Edward is busy trying to unlock the secrets of reading and recording people's thoughts. He is very involved with his work leaving little room for girlfriend Britt. Longstreet comes along ... See full summary »
During the Second American Civil War in 2017, Barb Wire owns a nightclub called the Hammerhead. Things become complicated when her ex-lover Axel Hood, who is married to the fugitive Corrina Devonshire, re-enters her life.
Identical twins separated at birth: One a prominent psychiatrist; the other a life long mental patient. When the doctor gets called to his brother's institution, fate intervenes and the brothers swap places.
Brooke Anna Leedy,
Jonathan Beck Reed
Diane Blaine has the face of a movie star. Unfortunately, fallen star/tabloid queen Jamie Stephens already made it famous. Hollywoods constant rejection due to what Diane refers to as "TJS" ("Too Jamie Stephens") has made her bitter, frustrated....and, yes, whiny. Co-worker/boyfriend Jack Sanders doesn't help matters. His idea of ambition is letting it ride. Now he's in major debt to a trigger-happy mobster who, interestingly enough, has a thing for Jamie Stephens. Jack's only way out? Convince Diane to be Jamie and wipe out the debt having one meal with a made man. It's literally the performance of her life. With Jack's on the line.Written by
Norm Macdonald's performance is modeled after director John Huston. See more »
I was an actor back in the '70s. In my day, we didn't have the production value we had now. We didn't have fluffers, we had to jack ourselves off. Also, the women weren't always women. Sometimes they were men. Now let's stop sucking each other off and get to work.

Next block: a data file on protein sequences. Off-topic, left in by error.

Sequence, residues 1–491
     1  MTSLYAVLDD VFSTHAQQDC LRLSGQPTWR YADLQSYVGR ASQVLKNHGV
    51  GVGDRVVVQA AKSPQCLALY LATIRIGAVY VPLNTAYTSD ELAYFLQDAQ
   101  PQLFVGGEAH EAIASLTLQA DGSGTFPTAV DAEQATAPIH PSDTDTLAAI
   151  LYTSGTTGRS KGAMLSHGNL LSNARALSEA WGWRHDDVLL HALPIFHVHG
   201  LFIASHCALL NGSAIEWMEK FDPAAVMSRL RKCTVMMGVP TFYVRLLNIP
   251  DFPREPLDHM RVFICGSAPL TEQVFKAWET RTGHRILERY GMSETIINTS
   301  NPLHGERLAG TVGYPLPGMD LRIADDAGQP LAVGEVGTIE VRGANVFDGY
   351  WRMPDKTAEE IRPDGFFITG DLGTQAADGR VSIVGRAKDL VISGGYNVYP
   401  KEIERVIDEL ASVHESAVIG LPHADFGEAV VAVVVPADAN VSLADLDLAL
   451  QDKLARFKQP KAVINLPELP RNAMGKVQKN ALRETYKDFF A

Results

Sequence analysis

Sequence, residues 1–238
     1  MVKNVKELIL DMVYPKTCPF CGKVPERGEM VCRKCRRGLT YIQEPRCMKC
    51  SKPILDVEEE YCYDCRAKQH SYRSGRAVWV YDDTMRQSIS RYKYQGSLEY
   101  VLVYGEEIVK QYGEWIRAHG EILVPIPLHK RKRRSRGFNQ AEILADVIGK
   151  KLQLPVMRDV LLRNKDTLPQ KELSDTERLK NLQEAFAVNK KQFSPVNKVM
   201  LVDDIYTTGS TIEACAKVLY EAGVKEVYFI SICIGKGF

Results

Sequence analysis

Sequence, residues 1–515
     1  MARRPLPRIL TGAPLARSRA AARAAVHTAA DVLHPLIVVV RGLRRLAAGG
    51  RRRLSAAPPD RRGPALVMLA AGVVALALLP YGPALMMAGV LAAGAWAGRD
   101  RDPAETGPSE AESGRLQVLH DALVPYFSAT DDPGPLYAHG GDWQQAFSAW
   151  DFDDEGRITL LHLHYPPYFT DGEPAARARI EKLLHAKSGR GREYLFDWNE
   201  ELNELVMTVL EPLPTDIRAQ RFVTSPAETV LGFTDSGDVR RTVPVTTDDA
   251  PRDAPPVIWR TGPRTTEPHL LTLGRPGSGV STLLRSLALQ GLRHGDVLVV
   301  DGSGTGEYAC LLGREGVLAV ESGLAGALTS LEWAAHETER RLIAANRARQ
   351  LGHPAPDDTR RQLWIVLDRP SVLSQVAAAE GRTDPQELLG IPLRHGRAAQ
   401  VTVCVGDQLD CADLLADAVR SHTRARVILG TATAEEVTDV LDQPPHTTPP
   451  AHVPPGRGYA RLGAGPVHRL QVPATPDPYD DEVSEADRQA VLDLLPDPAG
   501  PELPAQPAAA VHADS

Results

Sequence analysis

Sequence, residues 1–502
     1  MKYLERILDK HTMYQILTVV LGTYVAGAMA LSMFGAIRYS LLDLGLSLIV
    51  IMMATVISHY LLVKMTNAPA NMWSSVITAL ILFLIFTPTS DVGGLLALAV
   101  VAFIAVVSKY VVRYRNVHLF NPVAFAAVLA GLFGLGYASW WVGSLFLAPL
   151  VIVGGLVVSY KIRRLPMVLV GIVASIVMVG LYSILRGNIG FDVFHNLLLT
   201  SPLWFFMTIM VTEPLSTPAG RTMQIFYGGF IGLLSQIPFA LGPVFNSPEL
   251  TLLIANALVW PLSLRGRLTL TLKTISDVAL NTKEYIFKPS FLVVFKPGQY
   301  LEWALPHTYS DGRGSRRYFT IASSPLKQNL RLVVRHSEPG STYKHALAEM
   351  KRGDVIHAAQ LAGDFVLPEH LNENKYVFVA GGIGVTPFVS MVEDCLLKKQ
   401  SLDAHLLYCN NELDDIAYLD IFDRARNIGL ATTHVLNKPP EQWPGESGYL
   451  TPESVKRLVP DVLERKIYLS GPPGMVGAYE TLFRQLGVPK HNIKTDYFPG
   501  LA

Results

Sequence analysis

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If Lucy and Ethel came back as guys, they would be Kattan and Sanz
I really enjoyed this movie. exactly right for some light silly fun. Norm Macdonald steals the show with his gross, but spoken like a poem, porno terminology. Slapstick, great acting, beautiful new female star and quite a hot older star, Ms. Esterbrook. From Guidos to talk shows to spatula fun. From mistaken identity to tucking to tea bagging. I saw it in a theater and the rest of the audience really seemed to be having a great time too. However, this is the perfect film for at home watching. Some of the physical comedy needs to be rewound and watched again just so you don't miss something. Plus, you might want to break for some honey baked ham with a chaser of chocolate syrup.
8 of 13 people found this review helpful.
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